HC: What is your all-time favorite romance novel?

LK: Oh, that’s too hard! You will have to let me say three or four! How about, Love and Other Words by Christina Lauren, Rafe by Rebekah Weatherspoon, and A Lady for a Duke by Alexis Hall.

HC: Are romance books your favorite genre?

LK: Yes! This would be a weird career choice if it wasn’t!

HC: Is there anything else that you want to tell us more about yourself as a person, your likes, dislikes, family life, etc.?

LK: Sure! My main hobby besides reading is sewing, I mainly make quilts, clothes for my nephews, and presents for friends. As you know, I have a sister and also a brother. I am the youngest of three. I love my nephews and love being an aunt! I really like watching women’s soccer and the Olympics. I get very invested in the games every two years. Ever since I came to New York, I’ve liked trying out new restaurants and seeing Broadway shows.

HC: What characteristics do you think a person needs to be a successful independent bookstore owner? What has been your key to success?

LK: I would say resilience and creativity are the two main things. The willingness and interest to do something not just because that’s the way that it’s always been done, and that’s how people do it, and a continual drive to find new and exciting ways to get people in the door, excited about books, and buying books. Whether that means joining the new social media network or trying new events. I would say resilience and creativity has been the key to my success. As well as a willingness to try things and fail. Belief as well, even though it will take you so far, but it is needed to succeed. Hard work is obviously needed, but it all starts with belief. 

HC: What do you most enjoy about being a bookseller?

LK: I most enjoy getting to be a part of people’s lives in an ongoing way. For example, I’ll be chatting with a customer and they’ll tell me that they have a job interview, and then maybe they will come back to the store the next month and update me about how they got the job. It is really fun, for example, if some customers have a child, I get to see that kid grow up, or if a couple comes in on a date, then a few years later they get married. It is just very fun to be a fixed thing in people’s lives.

HC: What is a typical workday for you and how many hours a day (or a week) do you devote to your business?

LK: That is a bit of a complicated question, as we have only been open at this location for 7 weeks, so right now a lot, probably about 50 hours a week. But at the LA store where everything is established and running smoothly, a lot less than that. It definitely depends on the day, which I thoroughly enjoy. Today, for example, I spoke with my manager and we planned out our schedule for the week, we have five events upcoming this week so we had to plan those out, then I had this interview with you, and then we have an event later today that I am in charge of, so I have to set up for that and run the event. Then I spend a bunch of time on my computer taking care of emails, as well as managing my staff, making sure they’re helping customers and doing other aspects of their jobs. It bounces between administrative things and then actually working on the floor of the bookstore. The workflow essentially ebbs and flows.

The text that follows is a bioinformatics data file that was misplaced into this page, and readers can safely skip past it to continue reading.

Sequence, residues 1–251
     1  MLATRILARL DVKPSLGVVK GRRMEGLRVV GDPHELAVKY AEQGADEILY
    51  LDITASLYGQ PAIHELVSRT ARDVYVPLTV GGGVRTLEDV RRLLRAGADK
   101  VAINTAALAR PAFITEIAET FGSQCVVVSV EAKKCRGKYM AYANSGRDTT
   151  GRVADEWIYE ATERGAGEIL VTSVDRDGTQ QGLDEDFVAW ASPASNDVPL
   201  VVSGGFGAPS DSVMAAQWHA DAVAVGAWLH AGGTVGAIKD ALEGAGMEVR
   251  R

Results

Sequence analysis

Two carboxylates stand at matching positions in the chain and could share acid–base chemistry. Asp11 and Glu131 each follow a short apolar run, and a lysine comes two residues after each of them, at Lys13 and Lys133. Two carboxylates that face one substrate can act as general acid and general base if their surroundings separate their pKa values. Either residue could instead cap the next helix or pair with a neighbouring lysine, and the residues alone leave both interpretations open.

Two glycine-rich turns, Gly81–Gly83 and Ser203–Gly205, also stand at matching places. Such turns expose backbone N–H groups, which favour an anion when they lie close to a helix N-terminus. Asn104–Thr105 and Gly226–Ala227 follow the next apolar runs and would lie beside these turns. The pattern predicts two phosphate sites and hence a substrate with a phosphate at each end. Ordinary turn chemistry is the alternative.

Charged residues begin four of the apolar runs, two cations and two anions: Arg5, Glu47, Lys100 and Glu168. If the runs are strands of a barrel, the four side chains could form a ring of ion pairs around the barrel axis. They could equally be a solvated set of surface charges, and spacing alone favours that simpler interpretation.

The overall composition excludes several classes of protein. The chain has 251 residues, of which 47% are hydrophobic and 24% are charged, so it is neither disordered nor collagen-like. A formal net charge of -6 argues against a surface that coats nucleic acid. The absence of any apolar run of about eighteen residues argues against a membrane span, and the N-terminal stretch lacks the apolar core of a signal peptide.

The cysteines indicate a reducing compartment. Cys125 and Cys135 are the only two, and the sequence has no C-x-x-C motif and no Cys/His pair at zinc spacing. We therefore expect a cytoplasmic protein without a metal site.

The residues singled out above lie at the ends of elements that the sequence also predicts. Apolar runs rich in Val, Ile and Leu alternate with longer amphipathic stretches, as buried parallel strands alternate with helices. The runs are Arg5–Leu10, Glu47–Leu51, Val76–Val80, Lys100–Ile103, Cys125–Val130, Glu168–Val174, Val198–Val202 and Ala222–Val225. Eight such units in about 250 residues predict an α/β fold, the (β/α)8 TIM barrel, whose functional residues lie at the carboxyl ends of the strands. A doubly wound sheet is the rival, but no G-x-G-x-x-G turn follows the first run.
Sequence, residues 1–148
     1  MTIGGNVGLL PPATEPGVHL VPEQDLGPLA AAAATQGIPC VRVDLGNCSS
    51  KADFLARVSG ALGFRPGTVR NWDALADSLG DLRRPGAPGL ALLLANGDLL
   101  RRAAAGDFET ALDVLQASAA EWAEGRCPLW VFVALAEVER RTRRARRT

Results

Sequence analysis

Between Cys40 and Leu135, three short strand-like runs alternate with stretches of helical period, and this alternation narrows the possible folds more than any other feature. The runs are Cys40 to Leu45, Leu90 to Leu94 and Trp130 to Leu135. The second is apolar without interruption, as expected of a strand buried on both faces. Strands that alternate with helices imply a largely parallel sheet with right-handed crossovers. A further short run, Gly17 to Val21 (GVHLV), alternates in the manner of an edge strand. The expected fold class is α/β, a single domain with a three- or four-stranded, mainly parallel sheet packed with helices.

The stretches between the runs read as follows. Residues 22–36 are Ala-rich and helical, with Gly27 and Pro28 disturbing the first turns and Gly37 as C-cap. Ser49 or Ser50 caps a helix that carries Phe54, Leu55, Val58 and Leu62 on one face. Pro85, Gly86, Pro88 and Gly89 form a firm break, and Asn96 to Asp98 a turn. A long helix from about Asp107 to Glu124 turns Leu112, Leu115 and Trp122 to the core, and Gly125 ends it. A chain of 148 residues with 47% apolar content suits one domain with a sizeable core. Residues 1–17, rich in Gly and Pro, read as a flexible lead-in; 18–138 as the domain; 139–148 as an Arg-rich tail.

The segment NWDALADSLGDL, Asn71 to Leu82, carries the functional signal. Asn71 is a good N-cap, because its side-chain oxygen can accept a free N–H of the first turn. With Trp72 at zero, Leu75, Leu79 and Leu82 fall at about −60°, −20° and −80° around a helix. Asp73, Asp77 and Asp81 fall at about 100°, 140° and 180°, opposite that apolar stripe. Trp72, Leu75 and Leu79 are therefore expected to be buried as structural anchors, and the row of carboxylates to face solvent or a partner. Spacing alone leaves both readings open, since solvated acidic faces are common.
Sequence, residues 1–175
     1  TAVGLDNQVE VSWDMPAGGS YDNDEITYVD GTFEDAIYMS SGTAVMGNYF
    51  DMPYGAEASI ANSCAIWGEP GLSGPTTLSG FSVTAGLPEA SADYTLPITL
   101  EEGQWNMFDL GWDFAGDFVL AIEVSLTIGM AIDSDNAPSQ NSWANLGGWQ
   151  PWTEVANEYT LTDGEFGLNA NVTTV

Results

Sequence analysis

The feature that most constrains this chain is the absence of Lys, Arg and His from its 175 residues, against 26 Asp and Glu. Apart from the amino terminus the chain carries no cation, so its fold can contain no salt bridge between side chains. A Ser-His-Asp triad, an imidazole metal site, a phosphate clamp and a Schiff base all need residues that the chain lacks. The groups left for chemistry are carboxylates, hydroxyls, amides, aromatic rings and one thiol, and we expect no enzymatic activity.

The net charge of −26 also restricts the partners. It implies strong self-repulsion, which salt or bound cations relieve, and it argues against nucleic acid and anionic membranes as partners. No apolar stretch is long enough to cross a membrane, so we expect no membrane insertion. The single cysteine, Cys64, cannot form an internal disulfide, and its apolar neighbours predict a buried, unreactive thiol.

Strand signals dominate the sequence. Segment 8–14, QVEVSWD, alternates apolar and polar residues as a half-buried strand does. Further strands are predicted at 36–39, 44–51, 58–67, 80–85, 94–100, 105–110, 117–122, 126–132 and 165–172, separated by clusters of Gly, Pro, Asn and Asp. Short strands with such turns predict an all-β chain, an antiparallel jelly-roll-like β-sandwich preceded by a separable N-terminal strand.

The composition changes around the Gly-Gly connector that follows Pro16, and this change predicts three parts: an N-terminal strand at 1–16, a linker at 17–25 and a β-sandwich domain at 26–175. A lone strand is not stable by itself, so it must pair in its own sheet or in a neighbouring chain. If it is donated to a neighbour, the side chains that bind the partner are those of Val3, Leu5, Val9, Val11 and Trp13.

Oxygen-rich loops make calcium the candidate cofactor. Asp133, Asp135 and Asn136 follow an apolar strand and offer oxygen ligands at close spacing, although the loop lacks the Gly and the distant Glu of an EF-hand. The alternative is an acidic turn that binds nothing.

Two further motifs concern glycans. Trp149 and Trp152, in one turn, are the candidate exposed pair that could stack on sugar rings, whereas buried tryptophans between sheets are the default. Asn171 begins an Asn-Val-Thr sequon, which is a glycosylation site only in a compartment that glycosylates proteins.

HC: Do you think it’s important for a bookseller to be actively involved in a community? If so, how are you involved in your local community?

LK: Yeah, I think it is important, especially because we want to respond to the needs of the customers, as it is good for business. We are still new to this location, so we are still figuring it out. However in LA, over the years we have formed relationships with people, which manifests in different ways. For example, there is this huge book festival in LA called the LA Times Festival of Books that we go to every year, and other events we leave the store for and go out into the community. Also, years ago we formed a relationship with a teacher at a local middle school near our bookstore, and we do a menstrual drive for the school during the holidays, called Tamponakkah. The problem the school was facing, since it is a middle school, the district would not provide period products (as they said that they did not need it because they were in middle school, which is just biologically inaccurate). The only products available were in the nurse’s office, which was not very accessible. People were asking for access to menstrual products in classrooms, and the district agreed but the district would not pay for them. So we decided to start the drive for the school, in which we get about 2,000 products each year, which is basically enough for the full year. We are not sure what similar thing we will do in New York as of yet, but we know we definitely will.